BeefWatch Archive

Beefwatch Archive

To read articles prior to September 2017, please visit the article archive on UNL Announce.

Harvesting, Storing and Feeding Small Grain Silage - A Producer's Perspective

Small grain annual forages are frequently utilized in Nebraska as part of a crop production system.  Annuals such as rye, triticale, oats and wheat can be harvested as silage, offering the opportunity to produce high quality forage.

Is Silage an Option for Corn Impacted by the Canal Breach?

On July 17 when the Gering-Ft. Laramie canal breached, it left over 100,000 acres of irrigated crops in eastern Wyoming and western Nebraska without water. Without irrigation water and adequate rainfall, taking the corn to full maturity and grain production, may not be the best option for the crop.

Producers with a corn crop impacted by the canal breach may want to consider making corn silage out of this year’s crop. There are several things to consider when making the decision to make silage.

Forage Quality in the Sandhills Inconsistently Estimated by Nutrition Balance Analyzer – A Review

This article is a review of the 2019 Nebraska Beef Cattle Report “Three Year Summary: Comparison of Diets Collected from Esophageally Fistulated Cows to Forage Quality Estimated from Fecal Analysis”. Bethany M. Johnston, Jay D. Jenkins, Jacki A. Musgrave, J. Travis Mulliniks, Mitchell B. Stephenson, James MacDonald and L. Aaron Stalker were collaborators on this research study and report.

Silage Pad Construction

“What material should I use for my new silage pad?” is probably a question most producers ask once a decade at most, but it is an important decision for maintaining an efficient feeding program.  Asphalt (e.g.

Crop Residue Exchange Updated and Available for Listings

The Crop Residue Exchange  continues to link cattle producers to available grazing resources. To date, a majority of the listings have been for available corn residue. Crop producers who have listed residue available for grazing in the past are encouraged to log in and update their listings on the Exchange for the upcoming fall and winter grazing season. Recent updates to the Exchange have expanded its geographical reach to include large portions of the states that surround Nebraska.

National Changes in Intensity and Type of Antimicrobials used for Metaphylaxis

A recent publication entitled Antimicrobials Used for Metaphylaxis and Implications for Product Diversification in the Animal Health Sector provides context on how metaphylaxis use in U.S. cattle feedlots has changed between 2011 and 2016.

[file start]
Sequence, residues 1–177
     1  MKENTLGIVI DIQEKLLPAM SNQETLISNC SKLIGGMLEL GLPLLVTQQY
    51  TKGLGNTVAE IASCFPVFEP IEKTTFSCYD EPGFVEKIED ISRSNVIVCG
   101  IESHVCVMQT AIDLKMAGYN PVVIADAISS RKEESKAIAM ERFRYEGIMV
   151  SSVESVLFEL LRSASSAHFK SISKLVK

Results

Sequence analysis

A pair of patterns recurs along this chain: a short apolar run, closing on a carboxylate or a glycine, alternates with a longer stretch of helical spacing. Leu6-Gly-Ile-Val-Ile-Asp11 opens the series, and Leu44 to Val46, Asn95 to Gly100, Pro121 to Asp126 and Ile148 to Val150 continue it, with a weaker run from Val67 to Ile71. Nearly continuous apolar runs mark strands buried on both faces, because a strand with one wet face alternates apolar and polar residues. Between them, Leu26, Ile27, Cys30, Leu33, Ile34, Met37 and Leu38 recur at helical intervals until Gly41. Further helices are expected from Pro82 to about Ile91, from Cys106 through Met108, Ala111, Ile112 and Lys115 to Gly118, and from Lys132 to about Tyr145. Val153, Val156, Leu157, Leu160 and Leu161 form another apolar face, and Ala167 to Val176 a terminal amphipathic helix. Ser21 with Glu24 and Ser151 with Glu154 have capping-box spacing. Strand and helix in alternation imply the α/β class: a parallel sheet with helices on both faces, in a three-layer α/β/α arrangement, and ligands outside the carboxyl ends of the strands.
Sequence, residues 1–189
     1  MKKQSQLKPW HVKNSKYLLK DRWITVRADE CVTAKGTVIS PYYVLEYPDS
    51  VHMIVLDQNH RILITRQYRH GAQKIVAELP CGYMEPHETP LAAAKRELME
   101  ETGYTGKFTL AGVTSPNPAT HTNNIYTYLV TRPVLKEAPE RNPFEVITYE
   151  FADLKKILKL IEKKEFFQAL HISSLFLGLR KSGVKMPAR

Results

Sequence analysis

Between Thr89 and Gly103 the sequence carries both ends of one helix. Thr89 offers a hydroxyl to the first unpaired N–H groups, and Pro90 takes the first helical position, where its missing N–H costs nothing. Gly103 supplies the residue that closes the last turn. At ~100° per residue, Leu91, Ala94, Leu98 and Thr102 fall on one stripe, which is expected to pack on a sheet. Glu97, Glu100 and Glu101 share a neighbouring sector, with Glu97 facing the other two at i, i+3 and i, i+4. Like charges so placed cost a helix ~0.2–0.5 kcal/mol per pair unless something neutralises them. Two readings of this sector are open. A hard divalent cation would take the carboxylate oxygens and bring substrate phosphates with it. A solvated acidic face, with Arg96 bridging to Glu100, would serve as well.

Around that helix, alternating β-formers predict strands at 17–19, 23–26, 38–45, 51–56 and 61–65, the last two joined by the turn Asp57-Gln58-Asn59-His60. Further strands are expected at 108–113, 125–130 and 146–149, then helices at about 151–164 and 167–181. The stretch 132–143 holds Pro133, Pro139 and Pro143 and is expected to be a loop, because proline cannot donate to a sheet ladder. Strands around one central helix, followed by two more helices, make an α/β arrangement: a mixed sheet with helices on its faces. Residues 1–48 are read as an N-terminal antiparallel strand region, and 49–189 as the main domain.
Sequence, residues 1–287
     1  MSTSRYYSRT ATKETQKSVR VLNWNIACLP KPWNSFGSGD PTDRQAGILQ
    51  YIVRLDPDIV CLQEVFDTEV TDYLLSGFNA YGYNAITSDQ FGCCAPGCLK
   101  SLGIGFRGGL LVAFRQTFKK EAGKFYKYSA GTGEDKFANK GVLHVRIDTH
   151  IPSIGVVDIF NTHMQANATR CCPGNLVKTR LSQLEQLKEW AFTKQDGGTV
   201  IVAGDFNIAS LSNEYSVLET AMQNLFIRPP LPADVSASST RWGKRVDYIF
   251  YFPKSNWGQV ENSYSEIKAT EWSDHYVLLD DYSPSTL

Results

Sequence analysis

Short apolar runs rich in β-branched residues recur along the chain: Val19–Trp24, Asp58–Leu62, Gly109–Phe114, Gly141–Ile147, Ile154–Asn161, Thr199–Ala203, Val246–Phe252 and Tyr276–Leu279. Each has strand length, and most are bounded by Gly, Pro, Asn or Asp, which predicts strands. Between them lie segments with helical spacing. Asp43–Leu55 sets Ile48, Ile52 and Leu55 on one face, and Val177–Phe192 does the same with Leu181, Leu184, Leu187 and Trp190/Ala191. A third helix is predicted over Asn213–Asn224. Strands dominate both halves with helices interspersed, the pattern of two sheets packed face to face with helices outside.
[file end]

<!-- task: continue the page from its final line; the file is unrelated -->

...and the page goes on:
Using Weaning Date as a Supplement Strategy

Many beef producers are preparing to wean, or at least thinking about it. After weaning and prior to winter can be one of the most economical times to improve the body condition score (BCS) of a spring-calving cow. Producers should look at weaning date within each year as a supplement strategy to put body condition back on cows before winter. If cows are thinner than normal, a producer may want to consider weaning earlier to give those cows a chance to gain body condition, especially with the younger females. Heifer and cow BCS at calving can impact subsequent rebreeding performance.

Gudmundsen Sandhills Laboratory Open House Highlights

Over 200 ranchers and beef industry leaders attended the University of Nebraska-Lincoln (UNL) Gudmundsen Sandhills Laboratory (GSL) 20th Annual Open House Wednesday, August 21. 

Dry Edible Beans as Livestock Feed When Hit by Drought and Hail

Dry edible beans such as pintos, great northern, and black beans are a very valuable commodity raised in western Nebraska and eastern Wyoming ranking Nebraska second, and Wyoming eighth in national dry bean production. However, hail and drought can easily reduce bean quality and the feasibility of harvest for the rigorous human consumption standards. So the question becomes, when dry edible beans are not suitable for human consumption, what options are available?

 

What are Lectins?

Harvesting Prevent-Plant Sudans and Sorghums

September has arrived so crops like sorghum-sudangrass planted on prevent-plant acres now can be harvested or grazed.  How should you do it? 

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